The Scouts did not always handle these things in a manner that would be approved of by most people. I was a scout leader, both as scout and scouter, around the same time as Daniel. There was another troop in my same town sponsored by a well-known liberal baptist congregation, in which a dynamic committed middle-aged scoutmaster had transformed it into an outstanding scout troop. Unfortunately, he became very close to the senior patrol leader of the troop who also had a girlfriend. At the time, I thought their close friendship was a little "fishy" but there was a difference between mere suspicion and something more concrete. As it turned out, they were having a sexual relationship which continued until the young man was a college sophmore. They - so I was told - got into a dispute over money, and the young man reported the relationship to the authorities.

The whole matter was handled very discreetly. The scoutmaster was dismissed from his post. The DA agreed not to press charges if the scoutmaster agreed to move from the State and never come back. Nothing ever reached the press, though those of us who were Scouters learned about what happened. I doubt that the matter would be handled in such a way today.

And, for what it's worth, the prevailing view among the scouters (which I shared) was that while the scoutmaster clearly acted inappropriately and needed to be dismissed, the young man was not quite the "victim" that he portrayed himself. He seemed to be a very willing participant in this relationship because he got something out of it, i.e. he was rather mercenary about the thing. Thus, the young man was not viewed terribly sympathetically.

Whether this was the right way to look at the situation is somewhat debatable.

23/9/05 11:29  
Blogger RightJack said...

Rigali's comment will only increase the chorus of those who chant, correctly, "They STILL don't get it!"

23/9/05 11:41  
Blogger patrick said...

I think what Rigali is saying that the stories are so incredibly graphic that it is potentially damaging to even read it - separate and apart from the issue of the Archdiocese's role in the mess. I agree with the Cardinal. It's pornographic in its explicit detail and it will make a lot of people rather queasy or it even might unintentionally excite interest in these sorts of things that were either latent or non-existant. In fact, the grossly explicit description of the abuse so dominates the report that is OBSCURES the role of the Archdiocese in handling the abuse cases. I was left more with an impression of how twisted and evil some of the offenders were rather than how bad the bishops and the chancery rats were. This is a major defect in the Grand Jury report.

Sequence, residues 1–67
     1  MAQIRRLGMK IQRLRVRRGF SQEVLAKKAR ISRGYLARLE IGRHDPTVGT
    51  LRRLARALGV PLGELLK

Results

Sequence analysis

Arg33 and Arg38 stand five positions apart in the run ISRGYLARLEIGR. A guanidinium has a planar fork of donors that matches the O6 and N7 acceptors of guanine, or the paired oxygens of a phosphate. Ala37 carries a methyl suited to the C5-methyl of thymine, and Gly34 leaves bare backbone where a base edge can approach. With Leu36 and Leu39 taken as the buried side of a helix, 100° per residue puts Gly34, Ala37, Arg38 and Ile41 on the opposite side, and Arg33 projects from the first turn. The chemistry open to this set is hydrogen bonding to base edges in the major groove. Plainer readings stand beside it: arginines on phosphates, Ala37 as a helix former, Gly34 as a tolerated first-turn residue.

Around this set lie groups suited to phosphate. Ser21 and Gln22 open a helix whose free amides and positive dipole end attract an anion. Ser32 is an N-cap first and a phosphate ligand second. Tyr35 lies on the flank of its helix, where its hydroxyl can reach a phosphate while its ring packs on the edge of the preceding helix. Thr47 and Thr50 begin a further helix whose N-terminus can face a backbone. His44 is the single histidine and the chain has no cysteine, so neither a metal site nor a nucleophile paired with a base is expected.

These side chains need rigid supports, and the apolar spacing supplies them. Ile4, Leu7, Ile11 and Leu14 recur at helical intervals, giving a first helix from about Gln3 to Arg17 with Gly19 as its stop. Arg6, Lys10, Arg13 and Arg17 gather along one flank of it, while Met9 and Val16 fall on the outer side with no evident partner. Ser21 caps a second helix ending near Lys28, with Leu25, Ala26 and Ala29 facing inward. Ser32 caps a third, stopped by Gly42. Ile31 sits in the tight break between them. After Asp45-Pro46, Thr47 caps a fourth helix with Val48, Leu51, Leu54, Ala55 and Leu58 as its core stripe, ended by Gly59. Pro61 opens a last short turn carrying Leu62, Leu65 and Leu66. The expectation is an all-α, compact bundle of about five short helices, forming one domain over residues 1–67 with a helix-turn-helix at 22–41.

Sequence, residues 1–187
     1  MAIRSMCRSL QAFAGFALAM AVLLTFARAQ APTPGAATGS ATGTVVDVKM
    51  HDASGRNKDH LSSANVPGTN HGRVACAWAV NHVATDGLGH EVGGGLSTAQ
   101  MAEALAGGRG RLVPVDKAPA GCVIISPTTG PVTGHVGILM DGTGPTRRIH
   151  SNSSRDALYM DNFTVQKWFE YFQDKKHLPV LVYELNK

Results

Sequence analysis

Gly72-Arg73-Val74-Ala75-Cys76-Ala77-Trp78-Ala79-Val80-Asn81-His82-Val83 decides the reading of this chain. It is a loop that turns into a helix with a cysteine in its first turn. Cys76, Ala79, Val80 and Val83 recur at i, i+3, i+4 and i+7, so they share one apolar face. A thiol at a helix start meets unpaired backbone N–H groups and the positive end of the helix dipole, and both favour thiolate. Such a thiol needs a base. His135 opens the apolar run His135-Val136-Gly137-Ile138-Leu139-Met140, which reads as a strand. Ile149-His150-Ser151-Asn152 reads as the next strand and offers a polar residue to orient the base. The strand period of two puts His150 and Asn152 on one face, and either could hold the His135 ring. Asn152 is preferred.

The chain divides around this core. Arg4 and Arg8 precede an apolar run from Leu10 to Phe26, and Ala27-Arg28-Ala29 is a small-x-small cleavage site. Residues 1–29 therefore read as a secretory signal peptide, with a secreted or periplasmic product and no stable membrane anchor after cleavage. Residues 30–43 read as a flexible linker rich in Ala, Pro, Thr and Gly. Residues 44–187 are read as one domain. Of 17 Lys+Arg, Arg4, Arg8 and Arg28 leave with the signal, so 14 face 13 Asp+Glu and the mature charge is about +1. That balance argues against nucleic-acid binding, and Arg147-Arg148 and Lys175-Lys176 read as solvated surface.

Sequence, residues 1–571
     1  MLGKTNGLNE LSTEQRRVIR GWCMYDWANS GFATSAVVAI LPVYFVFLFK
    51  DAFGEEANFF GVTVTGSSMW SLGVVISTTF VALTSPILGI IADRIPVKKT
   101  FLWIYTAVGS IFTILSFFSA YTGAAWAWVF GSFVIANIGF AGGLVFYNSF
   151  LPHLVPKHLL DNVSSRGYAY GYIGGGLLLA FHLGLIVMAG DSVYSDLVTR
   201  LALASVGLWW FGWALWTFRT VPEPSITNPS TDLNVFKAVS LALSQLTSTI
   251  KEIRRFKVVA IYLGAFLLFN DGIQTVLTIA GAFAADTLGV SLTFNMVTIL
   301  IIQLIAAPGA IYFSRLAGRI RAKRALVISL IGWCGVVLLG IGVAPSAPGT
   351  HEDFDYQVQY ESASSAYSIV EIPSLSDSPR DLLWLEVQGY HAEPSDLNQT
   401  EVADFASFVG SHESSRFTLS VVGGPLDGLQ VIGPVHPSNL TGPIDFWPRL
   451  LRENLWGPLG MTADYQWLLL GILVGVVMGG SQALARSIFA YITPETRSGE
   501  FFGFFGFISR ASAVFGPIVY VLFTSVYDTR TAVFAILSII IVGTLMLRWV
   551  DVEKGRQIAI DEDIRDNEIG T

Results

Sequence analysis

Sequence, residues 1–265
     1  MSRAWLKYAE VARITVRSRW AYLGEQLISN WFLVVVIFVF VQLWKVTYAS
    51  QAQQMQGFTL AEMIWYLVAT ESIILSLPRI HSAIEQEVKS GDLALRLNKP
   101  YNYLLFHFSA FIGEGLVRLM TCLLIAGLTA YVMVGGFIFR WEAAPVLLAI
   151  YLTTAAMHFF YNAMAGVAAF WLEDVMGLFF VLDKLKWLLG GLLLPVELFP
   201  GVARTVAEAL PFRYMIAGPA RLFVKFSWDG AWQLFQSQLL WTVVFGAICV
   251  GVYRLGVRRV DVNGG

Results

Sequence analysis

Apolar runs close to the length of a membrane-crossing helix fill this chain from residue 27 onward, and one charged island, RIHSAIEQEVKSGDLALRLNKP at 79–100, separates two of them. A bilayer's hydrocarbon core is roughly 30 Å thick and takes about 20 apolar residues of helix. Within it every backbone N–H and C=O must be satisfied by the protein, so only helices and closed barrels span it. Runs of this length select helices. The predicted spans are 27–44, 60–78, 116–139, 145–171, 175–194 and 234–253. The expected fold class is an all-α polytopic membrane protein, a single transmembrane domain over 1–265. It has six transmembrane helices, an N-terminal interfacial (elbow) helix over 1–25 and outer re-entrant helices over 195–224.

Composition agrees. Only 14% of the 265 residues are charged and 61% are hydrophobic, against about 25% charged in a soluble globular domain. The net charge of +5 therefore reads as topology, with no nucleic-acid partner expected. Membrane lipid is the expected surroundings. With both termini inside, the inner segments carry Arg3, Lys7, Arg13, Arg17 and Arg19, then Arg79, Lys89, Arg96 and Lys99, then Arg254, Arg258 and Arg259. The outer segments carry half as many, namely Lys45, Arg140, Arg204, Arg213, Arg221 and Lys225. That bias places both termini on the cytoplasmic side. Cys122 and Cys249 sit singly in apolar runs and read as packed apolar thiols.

23/9/05 12:31  
Blogger George Collie said...

I read the report, and it is graphic, but instructive. A lot of coercive sex forced on 11-year olds, and even younger, children. It hasn't dented my Faith.

My take from the report, coupled with Rocco's first-hand story, is this. Something shaped Krol's and Bevilacqua's responses to the abuse incidents during the late eighties and nineties. At least since 1988, I don't believe any competent defense attorney would advise the Archdiocese to do what it did. And from Rocco, we see what the instincts of a senior prelate were. Unless they were involved in this heinous behaviour, they were as appalled as we are.

I now suspect the Vatican was systematically at work on this issue. I am begining to think the American prelates were told to slip the abuse under the rug. I surmise that these things (coverups) go to the top. Perhaps the very top.

This might explain why Cardinal Law apparently got a vote for pope in the College of Cardinals. He wasn't calling the shots.

And the gay "ban" is just another Vatican ruse to satisfy and/or divide us.

23/9/05 14:03  
Blogger patrick said...

"Something shaped Krol's and Bevilacqua's responses to the abuse incidents during the late eighties and nineties. At least since 1988, I don't believe any competent defense attorney would advise the Archdiocese to do what it did."

Well, Bevi must have gotten good advice from lawyers because he managed to avoid significant damage from lawsuits for priest predators. Despite the DAs spin on that, the straightforward answer to that question is that Bevi - unlike Krol - took serious pain and effort (though imperfectly to be sure) to keep priests from getting into situations where they were likely to re-offend, whether these priests got reassignments or not. And, contrary to the DAs implication, the liklihood that a fill-in priest for a weekend mass will have the opportunity to groom sex abuse victims is pretty small.

As to whether the Vatican forced tied the bishops' hands in some odious way is an interesting question. I doubt it, but we will learn the answer one day, if it is true. Yet another reason why "Santo Subito" is ill-advised until all the facts about JPII's reign are better known and understood.

23/9/05 14:56  
Blogger Dave Merkowitz said...

Interesting, the Philly Inq. has corrected their lead article on-line as not truly reflecting Cardinal Rigali's statement. Rocco, excellent work. You have a fantastic site.

23/9/05 17:09